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Dr. B.
Dr. B., Cat Veterinarian
Category: Cat Veterinary
Satisfied Customers: 20919
Experience:  Small animal veterinarian with a special interest in cats, happy to discuss any questions you have.
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My cat sterling is 1 1/2 years old on Monday evening we

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hello my cat sterling is 1 1/2 years old on Monday evening we think he drank some rubbing alcohol since then he was throwing up he stopped throwing up but is not eating drinking or going to the bathroom. I have been giving him water and Pedialyte through a syringe he just lays around he does move from here to there but that's it. I can afford to take him to the vet right now is there anything else I can do to help him recover???
JA: I'm sorry to hear that. This sounds like it might be serious. I'll let the Veterinarian know what's going on ASAP. Is there anything else important you think the Veterinarian should know about sterling?
Customer: No

Hello & welcome, I am Dr. B, a licensed veterinarian and I would like to help you today.

What is he bringing up in his vomit?

Can he keep any of that Pedialyte down?

When did he last pass urine? Is he straining like he needs to?

Are his gums pink or white/pale? Moist or sticky?

If you press on his belly, any tensing, tenderness, discomfort, or pain?

Customer: replied 3 months ago.
He hasn't throw up today, last time was a little bit last night it is a clear yellow light brown color. He hasn't thrown up the pedialyte yet. Last time he used the bathroom was Monday and showing no signs he needs to go. His gums are light pink and white color it seems moist. And I pressed on his belly seems bloated but he does nothing when I press.

Hello again,

Now I am glad to hear that he hasn't those urgent signs I asked about, but we need to keep a very close eye on his urination. Bladder blockages in male cats is often an emergency issue. So, we do need to tread with care for that. Otherwise, in regards ***** ***** appetite loss this will be from the same nausea that was making him vomit. And if he drank rubbing alcohol that could set this off, but of course we can see this with bacterial or viral gastroenteritis, pancreatitis, or parasites/protozoa infections as well.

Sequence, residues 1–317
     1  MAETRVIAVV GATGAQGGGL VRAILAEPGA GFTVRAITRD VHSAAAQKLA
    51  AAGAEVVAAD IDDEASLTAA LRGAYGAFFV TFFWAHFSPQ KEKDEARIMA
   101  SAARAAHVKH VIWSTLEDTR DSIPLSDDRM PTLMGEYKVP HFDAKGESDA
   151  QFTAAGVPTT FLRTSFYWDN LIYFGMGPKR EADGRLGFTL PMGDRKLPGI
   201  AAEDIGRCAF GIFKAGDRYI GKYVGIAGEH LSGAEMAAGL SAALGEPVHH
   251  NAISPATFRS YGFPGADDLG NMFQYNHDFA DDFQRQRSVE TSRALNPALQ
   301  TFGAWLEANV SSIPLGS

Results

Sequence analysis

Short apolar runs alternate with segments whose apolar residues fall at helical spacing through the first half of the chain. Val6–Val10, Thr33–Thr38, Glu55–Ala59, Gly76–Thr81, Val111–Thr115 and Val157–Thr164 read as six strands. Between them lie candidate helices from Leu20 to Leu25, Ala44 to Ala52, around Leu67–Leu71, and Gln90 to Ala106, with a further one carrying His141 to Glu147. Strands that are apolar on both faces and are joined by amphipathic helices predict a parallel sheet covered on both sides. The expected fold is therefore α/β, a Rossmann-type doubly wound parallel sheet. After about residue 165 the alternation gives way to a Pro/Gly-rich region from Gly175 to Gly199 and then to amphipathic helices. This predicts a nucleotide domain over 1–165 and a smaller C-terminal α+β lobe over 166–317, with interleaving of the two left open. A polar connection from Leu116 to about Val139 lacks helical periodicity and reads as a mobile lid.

With this all in mind, we can try some home supportive care to try to settle his stomach. To start, if he hasn’t just vomited (since otherwise we’d need to rest his stomach for a few hours first), then you can consider treating him an OTC pet safe antacid [ie Pepcid (More Info/Dose @,,Tagamet (More Info/Dose Here @]. Whichever you choose, we’d give this 20 minutes before offering food to allow absorption. Of course, do double check with your vet if he has a known health issues or is on any medications you haven't mentioned. Though if he cannot keep it down due to nausea, that is usually a red flag that we need to bypass his mouth with injectable anti-vomiting medication from his vet.

Afterwards, we'd want to start small meals of a light/easily digestible diet. Examples you can use are boiled chicken, boiled white fish, scrambled eggs, or meat baby food (garlic/onion free). There are also OTC vet diets that can be used (ie Hill’s I/D or Royal Canin’s sensitivity) too. The aim of these diets is that they will be better tolerated/absorbed by the upset gut; which means more nutrients and less GI upset. Or if he cannot be tempted but we haven't any more vomiting, we can offer or syringe feed watered down kitten food, Hill's A/D, Royal Canin Recovery, or Clinicare Canine/Feline Liquid Diet. All of these are calorically dense, so a little goes a long way nutrition-wise. And in regards ***** ***** Pedialyte, do be aware that he needs a daily total of 48ml per kilogram of his body weight to head off dehydration.

And in regards ***** ***** for that, further to checking for gum moisture, you will want to make sure his eyes are not looking sunken and that he doesn’t have a "skin tent" when you lift the skin. To see how to check these parameters for dehydration, you can find a good video HERE ( If you are seeing any signs of dehydration already, then that would be our cue to have him seen before this becomes an additional issue (especially as it is often dehydration that makes them feel unwell).

Overall, we do need to be very careful for your lad. Therefore, we’d want to start supportive care to settle his stomach. If he cannot pass urine or doesn’t respond to the above within 12-24 hours; then we'd want to get a local vet involved to assess him and start treatment to get him settled here. Finally, I wanted to note that if funds are a concern, there is help if we cannot get him settled. First, if you have a VCA or Banfield veterinary hospital near you, then you might consider taking advantage of their free first consult offers. You can find vouchers for this via VCA: ( & Banfield : ( Otherwise, you could consider checking out the Humane Society's database ( They have a lot of branches nationwide, along with ties to other assistance organizations that can keep down costs and surely will be willing to help.

Kind regards,

Dr. B.


If you have any other questions, please ask me – I’ll be happy to respond.

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Dr. B. and 4 other Cat Veterinary Specialists are ready to help you
Customer: replied 3 months ago.
Thank you for help, I will try and look into all the above you mentioned and hope and pray he will get better soon.

You are very welcome, my dear.

Please take care & best wishes,



I'm just following up on our conversation about your pet. How is everything going?

Dr. B.

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